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Social Data For Content Inspiration: Attracting First Time Car Buyers Marketing
This year I passed my driving test, and I’m now (tentatively) in the market for my first car.
The thing is, I know very little about cars and advice from friends and relatives is often conflicting. The internet, therefore, is an important (but admittedly chaotic) resource in the car buying process. I want information, guides and reviews from sources I trust, and I can’t be alone.
Naturally, since I write about data all day, I wondered how auto companies would go about appealing to the first time car buyer best.
An uphill start
There is no shortage of people asking about their first car, and that is great for marketers looking to appeal to this audience.
Using BuzzSumo’s Question Analyzer, I was quickly able to access the kinds of questions being asked around “first car’. The Analyzer searches sites like Yahoo Answers and Reddit to find common question topics which are helpfully grouped together, as shown below.
I immediately discovered that age appears to be a big factor in other first time car buyers’ questions. I’ve not been searching for answers to “What’s the best first car for 24 year old women” but age certainly seems to be a concern for others. If you’re looking to attract younger buyers, who seem to be the predominant group including their ages in searches, you’d probably do well to incorporate that into your content for maximum Google points.
Just a brief scroll through these questions can give you an idea of the topics people want to know about (price and insurance were big) and the precise wording people are using to look for that information. If you can speak to first time car buyers in their own language you’re on to a winner.
BuzzSumo also gives you the opportunity to check out how other content about your area of interest performs.
For instance, Wednesdays seem to be a prime time for shares on first car articles over the last year.
And you can get inspiration, or check out the competition, by seeing which sites are doing best in your area of interest. In this case, caranddriver.com, alongside The Guardian and BBC are doing very well.
Not only have your got inspiration for the content of your post, you’ve got some great promotional clues, too.
Braking down the data with Brandwatch
Brandwatch Analytics can also provide you with some handy tips on creating content for specific groups.
For this example, we thought we’d show off our subreddit analysis skills.
We tracked mentions of “first car” (omitting “first car accident”) on the subreddit r/cars from 1 – 28 November 2017, finding between three and 29 mentions each day.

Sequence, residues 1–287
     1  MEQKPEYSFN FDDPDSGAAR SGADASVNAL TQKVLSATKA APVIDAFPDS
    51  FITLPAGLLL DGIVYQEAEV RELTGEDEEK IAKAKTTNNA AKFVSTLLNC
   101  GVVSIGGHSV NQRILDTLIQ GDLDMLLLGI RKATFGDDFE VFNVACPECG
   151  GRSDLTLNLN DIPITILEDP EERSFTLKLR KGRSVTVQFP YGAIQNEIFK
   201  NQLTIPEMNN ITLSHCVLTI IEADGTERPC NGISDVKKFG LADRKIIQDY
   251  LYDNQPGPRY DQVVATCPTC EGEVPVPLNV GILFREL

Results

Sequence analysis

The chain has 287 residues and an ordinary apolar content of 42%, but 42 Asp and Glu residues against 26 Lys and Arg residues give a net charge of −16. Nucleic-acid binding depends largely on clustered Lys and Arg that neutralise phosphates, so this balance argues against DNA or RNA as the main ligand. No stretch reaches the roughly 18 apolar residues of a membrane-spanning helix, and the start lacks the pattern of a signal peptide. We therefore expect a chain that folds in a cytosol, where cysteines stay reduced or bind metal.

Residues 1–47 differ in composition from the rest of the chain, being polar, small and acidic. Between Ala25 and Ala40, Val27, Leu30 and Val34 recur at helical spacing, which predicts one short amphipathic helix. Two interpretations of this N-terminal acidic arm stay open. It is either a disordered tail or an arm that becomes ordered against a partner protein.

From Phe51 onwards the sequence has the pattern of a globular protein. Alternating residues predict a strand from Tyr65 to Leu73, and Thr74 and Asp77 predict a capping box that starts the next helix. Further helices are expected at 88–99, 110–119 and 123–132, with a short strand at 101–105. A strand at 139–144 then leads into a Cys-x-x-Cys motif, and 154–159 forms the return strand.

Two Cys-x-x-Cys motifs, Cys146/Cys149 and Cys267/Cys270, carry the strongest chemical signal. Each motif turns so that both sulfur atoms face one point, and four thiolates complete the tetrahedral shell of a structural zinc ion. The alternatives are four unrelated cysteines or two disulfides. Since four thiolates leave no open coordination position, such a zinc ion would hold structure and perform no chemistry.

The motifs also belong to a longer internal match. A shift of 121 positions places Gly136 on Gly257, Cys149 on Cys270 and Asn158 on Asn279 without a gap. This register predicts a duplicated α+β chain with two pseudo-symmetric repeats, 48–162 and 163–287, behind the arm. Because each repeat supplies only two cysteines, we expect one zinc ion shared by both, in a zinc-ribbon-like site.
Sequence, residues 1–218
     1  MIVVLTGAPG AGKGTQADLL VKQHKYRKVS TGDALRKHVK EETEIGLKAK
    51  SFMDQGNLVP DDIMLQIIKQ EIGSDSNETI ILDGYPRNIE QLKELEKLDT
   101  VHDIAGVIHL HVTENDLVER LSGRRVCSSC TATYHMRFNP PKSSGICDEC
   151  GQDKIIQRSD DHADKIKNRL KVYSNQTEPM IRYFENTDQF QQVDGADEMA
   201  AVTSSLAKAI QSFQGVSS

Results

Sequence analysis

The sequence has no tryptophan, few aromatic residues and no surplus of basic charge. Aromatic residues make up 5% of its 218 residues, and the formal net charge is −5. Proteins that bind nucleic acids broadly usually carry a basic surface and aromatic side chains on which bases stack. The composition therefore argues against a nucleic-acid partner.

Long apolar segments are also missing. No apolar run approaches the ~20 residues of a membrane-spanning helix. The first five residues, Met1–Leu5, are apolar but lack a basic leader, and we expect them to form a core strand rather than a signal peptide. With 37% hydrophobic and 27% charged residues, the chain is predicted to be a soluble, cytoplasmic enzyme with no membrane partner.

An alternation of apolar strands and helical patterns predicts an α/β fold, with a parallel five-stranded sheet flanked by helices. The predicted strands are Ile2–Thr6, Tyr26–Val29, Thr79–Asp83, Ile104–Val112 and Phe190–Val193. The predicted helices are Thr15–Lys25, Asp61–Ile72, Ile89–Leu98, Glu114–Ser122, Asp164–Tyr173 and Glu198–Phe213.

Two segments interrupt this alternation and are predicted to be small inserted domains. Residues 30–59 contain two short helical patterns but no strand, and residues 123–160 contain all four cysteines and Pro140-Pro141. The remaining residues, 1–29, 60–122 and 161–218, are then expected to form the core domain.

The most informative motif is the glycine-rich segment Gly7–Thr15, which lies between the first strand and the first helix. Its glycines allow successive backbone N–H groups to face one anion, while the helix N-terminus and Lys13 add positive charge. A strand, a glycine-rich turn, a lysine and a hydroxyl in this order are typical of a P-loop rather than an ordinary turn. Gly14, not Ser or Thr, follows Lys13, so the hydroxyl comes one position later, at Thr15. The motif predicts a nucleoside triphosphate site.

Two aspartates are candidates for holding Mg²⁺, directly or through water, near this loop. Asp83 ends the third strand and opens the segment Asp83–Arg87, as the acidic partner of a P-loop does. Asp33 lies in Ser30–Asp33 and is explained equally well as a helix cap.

We were then able to scroll through the different conversations people were having about what first car they might buy, how they felt when they bought their first car, what circumstances they were in and what they were interested in.
Using the Topic Cloud component, you can see some of the main themes in the conversation.
A simple scroll through the popular posts can give you ample inspiration for multiple articles on buying your first car, with verbatim examples from real life people who are curious about taking the leap into car ownership.
You can get even more granular by searching for terms you’re interested in within the first car conversation. I found this example among multiple others just by searching for “buy” or “buying” a first car.
Now, I am 25 y.o. and got my first “career” job and I am in the position of having my buy my first car because of work commute. Looking around, I am getting urges of wanting to learn more about cars instead of treating it as a “point A to point B” object.
FROM REDDIT USER “NEWPOSTS”
On Reddit, since you’re usually anonymous, people are happy to put all sorts of details out there meaning you’re likely to find honest opinions and feelings.
But I don’t want to create content for first time car buyers…
The point here is to give you a taste of what’s possible in using data for content inspiration.
Perhaps you want to update your FAQ page – why not try BuzzSumo‘s Question Analyzer to see what your customers and prospects are asking about your product or industry across the web?
Whatever content you’re writing, some simple data analysis can give you fast insights into what to write, how to write it and how best to promote it.
Are you a journalist looking to cover our data? Email firstname.lastname@example.org for more information
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